Object Oriented Ruby

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Ruby is pure object-oriented language and everything appears to Ruby as an object. Every value in Ruby is an object, even the most primitive things: strings, numbers and even true and false. Even a class itself is an object that is an instance of the Class class. This chapter will take you through all the major functionalities related to Object Oriented Ruby.

A class is used to specify the form of an object and it combines data representation and methods for manipulating that data into one neat package. The data and methods within a class are called members of the class.

Ruby class definition:

When you define a class, you define a blueprint for a data type. This doesn't actually define any data, but it does define what the class name means, that is, what an object of the class will consist of and what operations can be performed on such an object.

A class definition starts with the keyword class followed by the class name and is delimited with an end. For example, we defined the Box class using the keyword class as follows:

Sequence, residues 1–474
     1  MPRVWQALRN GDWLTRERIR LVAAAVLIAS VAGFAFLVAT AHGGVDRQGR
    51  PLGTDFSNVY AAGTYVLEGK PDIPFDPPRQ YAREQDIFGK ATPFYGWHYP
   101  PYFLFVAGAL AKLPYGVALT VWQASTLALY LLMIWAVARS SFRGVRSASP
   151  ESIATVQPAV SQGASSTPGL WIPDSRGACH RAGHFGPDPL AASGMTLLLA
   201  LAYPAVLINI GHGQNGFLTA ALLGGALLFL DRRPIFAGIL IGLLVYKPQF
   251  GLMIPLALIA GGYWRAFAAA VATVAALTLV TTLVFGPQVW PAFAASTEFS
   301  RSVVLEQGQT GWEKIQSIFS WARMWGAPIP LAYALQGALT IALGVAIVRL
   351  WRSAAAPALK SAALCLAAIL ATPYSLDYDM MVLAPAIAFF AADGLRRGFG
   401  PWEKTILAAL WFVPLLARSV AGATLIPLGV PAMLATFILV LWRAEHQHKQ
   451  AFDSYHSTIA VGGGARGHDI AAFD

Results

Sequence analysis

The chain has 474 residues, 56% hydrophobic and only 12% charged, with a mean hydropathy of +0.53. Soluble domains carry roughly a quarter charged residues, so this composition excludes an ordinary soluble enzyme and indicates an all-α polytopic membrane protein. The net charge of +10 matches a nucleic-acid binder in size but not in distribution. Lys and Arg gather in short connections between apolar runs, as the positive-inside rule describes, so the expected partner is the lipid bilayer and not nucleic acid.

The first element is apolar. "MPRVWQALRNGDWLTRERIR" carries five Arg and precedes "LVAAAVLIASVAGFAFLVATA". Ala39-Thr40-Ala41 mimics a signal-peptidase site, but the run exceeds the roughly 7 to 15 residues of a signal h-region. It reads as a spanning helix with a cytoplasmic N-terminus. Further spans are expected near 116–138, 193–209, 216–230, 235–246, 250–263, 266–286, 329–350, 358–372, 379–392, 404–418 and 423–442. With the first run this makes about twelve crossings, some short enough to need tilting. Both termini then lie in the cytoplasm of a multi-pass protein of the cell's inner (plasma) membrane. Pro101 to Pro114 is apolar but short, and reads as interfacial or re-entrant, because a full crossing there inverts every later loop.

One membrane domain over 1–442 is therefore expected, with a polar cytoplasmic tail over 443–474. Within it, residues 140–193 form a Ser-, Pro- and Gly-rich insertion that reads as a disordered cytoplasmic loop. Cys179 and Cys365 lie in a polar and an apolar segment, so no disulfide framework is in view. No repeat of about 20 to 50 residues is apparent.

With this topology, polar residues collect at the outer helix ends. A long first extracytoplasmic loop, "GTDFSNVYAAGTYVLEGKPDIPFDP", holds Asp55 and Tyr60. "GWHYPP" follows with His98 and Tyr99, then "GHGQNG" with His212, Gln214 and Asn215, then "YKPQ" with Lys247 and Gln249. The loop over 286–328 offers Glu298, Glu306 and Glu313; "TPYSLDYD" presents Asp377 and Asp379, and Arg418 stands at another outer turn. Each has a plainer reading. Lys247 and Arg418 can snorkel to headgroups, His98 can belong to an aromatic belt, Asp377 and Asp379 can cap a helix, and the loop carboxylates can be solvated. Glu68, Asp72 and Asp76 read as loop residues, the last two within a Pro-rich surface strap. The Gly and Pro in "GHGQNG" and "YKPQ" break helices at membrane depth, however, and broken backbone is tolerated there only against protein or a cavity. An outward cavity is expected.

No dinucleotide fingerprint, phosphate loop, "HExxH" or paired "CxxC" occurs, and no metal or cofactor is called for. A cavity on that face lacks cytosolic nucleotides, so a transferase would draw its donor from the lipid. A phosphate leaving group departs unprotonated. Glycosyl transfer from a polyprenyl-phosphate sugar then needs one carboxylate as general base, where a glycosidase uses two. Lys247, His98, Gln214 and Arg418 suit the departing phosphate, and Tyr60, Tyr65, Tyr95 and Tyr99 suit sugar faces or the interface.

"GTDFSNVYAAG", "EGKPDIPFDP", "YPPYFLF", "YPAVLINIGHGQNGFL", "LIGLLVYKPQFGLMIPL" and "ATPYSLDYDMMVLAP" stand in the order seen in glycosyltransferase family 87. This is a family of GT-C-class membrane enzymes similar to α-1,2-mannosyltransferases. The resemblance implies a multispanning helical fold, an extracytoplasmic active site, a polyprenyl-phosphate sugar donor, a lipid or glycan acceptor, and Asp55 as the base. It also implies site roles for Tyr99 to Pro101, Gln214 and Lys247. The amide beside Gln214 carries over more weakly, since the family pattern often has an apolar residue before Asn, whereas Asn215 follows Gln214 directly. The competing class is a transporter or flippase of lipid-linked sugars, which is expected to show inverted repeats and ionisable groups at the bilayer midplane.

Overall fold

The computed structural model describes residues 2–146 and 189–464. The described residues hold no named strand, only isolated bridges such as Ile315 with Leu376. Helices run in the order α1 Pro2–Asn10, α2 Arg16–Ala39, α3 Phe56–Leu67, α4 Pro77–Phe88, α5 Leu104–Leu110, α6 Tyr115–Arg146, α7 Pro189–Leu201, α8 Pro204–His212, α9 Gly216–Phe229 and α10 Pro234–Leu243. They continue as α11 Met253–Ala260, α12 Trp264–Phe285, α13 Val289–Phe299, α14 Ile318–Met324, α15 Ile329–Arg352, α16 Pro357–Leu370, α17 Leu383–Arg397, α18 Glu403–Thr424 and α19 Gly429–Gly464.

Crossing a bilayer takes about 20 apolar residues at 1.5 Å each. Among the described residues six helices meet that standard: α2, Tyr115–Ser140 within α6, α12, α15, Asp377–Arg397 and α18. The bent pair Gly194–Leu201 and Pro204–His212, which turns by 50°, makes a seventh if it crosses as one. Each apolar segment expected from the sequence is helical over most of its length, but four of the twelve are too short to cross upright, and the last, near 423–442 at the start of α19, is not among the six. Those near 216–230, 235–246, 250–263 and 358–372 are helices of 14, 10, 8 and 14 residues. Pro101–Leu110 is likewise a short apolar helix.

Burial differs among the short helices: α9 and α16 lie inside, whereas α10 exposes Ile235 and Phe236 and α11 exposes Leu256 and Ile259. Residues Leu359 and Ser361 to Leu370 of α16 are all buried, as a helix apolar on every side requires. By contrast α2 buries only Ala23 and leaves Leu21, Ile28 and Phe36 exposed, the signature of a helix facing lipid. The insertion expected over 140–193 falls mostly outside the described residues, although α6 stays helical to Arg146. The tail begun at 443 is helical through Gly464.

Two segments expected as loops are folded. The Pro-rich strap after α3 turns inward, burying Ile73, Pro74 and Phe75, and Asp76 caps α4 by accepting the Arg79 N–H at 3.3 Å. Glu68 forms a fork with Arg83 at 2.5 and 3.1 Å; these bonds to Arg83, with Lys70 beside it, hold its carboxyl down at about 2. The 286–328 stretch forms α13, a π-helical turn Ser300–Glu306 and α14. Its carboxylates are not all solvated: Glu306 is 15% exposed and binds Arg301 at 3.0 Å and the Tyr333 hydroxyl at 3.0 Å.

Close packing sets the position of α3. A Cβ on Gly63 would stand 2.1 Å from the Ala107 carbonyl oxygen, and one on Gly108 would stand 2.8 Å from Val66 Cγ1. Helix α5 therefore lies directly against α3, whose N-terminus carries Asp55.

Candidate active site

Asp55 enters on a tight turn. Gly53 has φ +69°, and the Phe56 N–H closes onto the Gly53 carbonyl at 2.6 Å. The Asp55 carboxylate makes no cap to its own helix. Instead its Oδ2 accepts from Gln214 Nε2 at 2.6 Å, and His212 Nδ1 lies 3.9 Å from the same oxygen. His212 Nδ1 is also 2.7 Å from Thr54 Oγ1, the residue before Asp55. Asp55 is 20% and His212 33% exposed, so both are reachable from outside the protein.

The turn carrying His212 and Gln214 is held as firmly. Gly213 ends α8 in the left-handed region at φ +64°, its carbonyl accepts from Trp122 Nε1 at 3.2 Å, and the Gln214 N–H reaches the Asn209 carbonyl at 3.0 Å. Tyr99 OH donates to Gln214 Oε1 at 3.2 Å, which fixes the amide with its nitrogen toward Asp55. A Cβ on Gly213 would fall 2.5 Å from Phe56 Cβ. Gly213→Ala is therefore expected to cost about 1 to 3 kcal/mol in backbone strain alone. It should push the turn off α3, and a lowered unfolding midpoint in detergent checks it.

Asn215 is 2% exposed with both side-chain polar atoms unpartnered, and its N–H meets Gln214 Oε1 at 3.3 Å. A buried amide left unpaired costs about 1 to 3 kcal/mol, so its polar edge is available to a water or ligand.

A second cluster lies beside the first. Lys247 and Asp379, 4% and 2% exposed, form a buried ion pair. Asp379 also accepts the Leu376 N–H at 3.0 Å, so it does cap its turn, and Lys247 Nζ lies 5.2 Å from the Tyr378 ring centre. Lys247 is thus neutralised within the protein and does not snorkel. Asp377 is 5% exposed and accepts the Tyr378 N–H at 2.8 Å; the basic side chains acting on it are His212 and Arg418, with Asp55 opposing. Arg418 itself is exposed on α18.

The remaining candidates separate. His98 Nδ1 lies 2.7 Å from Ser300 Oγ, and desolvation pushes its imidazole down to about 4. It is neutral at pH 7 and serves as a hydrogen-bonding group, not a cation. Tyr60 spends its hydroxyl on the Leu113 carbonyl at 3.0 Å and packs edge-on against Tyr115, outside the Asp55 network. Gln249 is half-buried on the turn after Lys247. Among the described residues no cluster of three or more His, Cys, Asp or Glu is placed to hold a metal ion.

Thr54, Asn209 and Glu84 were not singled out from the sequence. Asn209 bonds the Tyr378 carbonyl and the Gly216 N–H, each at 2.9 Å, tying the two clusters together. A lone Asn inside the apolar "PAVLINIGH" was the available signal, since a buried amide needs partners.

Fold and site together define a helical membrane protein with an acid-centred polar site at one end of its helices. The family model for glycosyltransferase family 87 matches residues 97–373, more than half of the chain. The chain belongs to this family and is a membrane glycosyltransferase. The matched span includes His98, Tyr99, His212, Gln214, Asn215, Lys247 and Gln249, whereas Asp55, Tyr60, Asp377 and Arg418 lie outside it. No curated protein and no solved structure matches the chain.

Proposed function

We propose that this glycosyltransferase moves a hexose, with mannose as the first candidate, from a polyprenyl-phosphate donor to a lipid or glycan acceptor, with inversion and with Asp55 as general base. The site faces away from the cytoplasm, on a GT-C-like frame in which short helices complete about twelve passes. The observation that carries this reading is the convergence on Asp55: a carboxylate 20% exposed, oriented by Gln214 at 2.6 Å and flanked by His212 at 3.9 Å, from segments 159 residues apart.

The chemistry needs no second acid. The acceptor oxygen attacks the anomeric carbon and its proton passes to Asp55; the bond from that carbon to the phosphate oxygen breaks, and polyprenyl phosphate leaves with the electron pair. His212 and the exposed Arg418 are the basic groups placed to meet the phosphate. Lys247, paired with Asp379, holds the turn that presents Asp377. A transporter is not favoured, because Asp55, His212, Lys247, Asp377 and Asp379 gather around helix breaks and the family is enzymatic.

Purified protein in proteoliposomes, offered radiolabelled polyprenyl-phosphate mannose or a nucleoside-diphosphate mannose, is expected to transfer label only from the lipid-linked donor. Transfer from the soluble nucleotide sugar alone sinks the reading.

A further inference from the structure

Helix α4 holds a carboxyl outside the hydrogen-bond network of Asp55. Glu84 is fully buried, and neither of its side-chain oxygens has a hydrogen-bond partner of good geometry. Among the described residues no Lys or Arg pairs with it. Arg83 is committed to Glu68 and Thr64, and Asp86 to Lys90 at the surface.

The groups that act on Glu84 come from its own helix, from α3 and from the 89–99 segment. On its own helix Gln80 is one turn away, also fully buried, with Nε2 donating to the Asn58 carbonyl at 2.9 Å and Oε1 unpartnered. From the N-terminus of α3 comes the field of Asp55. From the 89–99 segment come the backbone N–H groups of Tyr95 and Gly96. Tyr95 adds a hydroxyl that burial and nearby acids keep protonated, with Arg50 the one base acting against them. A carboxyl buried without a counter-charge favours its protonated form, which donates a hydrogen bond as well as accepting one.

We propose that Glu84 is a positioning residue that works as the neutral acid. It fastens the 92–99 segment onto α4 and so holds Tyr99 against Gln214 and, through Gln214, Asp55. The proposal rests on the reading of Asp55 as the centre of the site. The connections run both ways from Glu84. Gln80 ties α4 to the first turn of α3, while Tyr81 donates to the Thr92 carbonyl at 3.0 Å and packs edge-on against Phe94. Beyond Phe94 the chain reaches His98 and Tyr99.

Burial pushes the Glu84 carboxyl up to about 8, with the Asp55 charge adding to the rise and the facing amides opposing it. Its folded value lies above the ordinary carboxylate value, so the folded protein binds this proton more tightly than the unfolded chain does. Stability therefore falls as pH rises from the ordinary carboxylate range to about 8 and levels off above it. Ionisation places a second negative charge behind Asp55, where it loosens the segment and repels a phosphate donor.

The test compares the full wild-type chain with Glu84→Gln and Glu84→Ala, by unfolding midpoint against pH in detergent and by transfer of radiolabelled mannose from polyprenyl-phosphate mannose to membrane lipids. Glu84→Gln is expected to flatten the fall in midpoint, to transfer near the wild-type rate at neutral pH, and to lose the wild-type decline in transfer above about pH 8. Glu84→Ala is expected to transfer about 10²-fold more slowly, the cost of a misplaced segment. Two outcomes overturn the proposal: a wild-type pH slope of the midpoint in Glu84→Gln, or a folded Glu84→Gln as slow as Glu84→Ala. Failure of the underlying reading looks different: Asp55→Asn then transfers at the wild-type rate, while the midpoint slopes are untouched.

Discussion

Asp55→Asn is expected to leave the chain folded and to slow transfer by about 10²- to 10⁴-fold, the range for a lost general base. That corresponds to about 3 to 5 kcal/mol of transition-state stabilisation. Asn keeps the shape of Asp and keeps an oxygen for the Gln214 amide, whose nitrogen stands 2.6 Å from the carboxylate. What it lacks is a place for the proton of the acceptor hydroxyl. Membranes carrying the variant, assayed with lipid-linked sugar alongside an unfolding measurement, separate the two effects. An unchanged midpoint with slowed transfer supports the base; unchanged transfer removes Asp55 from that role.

class Box
   code
end

The name must begin with a capital letter and by convention names that contain more than one word are run together with each word capitalized and no separating characters (CamelCase).

Define ruby objects:

A class provides the blueprints for objects, so basically an object is created from a class. We declare objects of a class using new keyword. Following statements declare two objects of class Box:

box1 = Box.new
box2 = Box.new

The initialize method:

The initialize method is a standard Ruby class method and works almost same way as constructor works in other object oriented programming languages. The initialize method is useful when you want to initialize some class variables at the time of object creation. This method may take a list of parameters and like any other ruby method it would be preceded by def keyword as shown below:

class Box
   def initialize(w,h)
      @width, @height = w, h
   end
end

The instance variables:

The instance variables are kind of class attributes and they become properties of objects once we objects are created using the class. Every object's attributes are assigned individually and share no value with other objects. They are accessed using the @ operator within the class but to access them outside of the class we use public methods which are called accessor methods. If we take above defined class Box then @width and @height are instance variables for the class Box.

class Box
   def initialize(w,h)
      # assign instance avriables
      @width, @height = w, h
   end
end

The accessor & setter methods: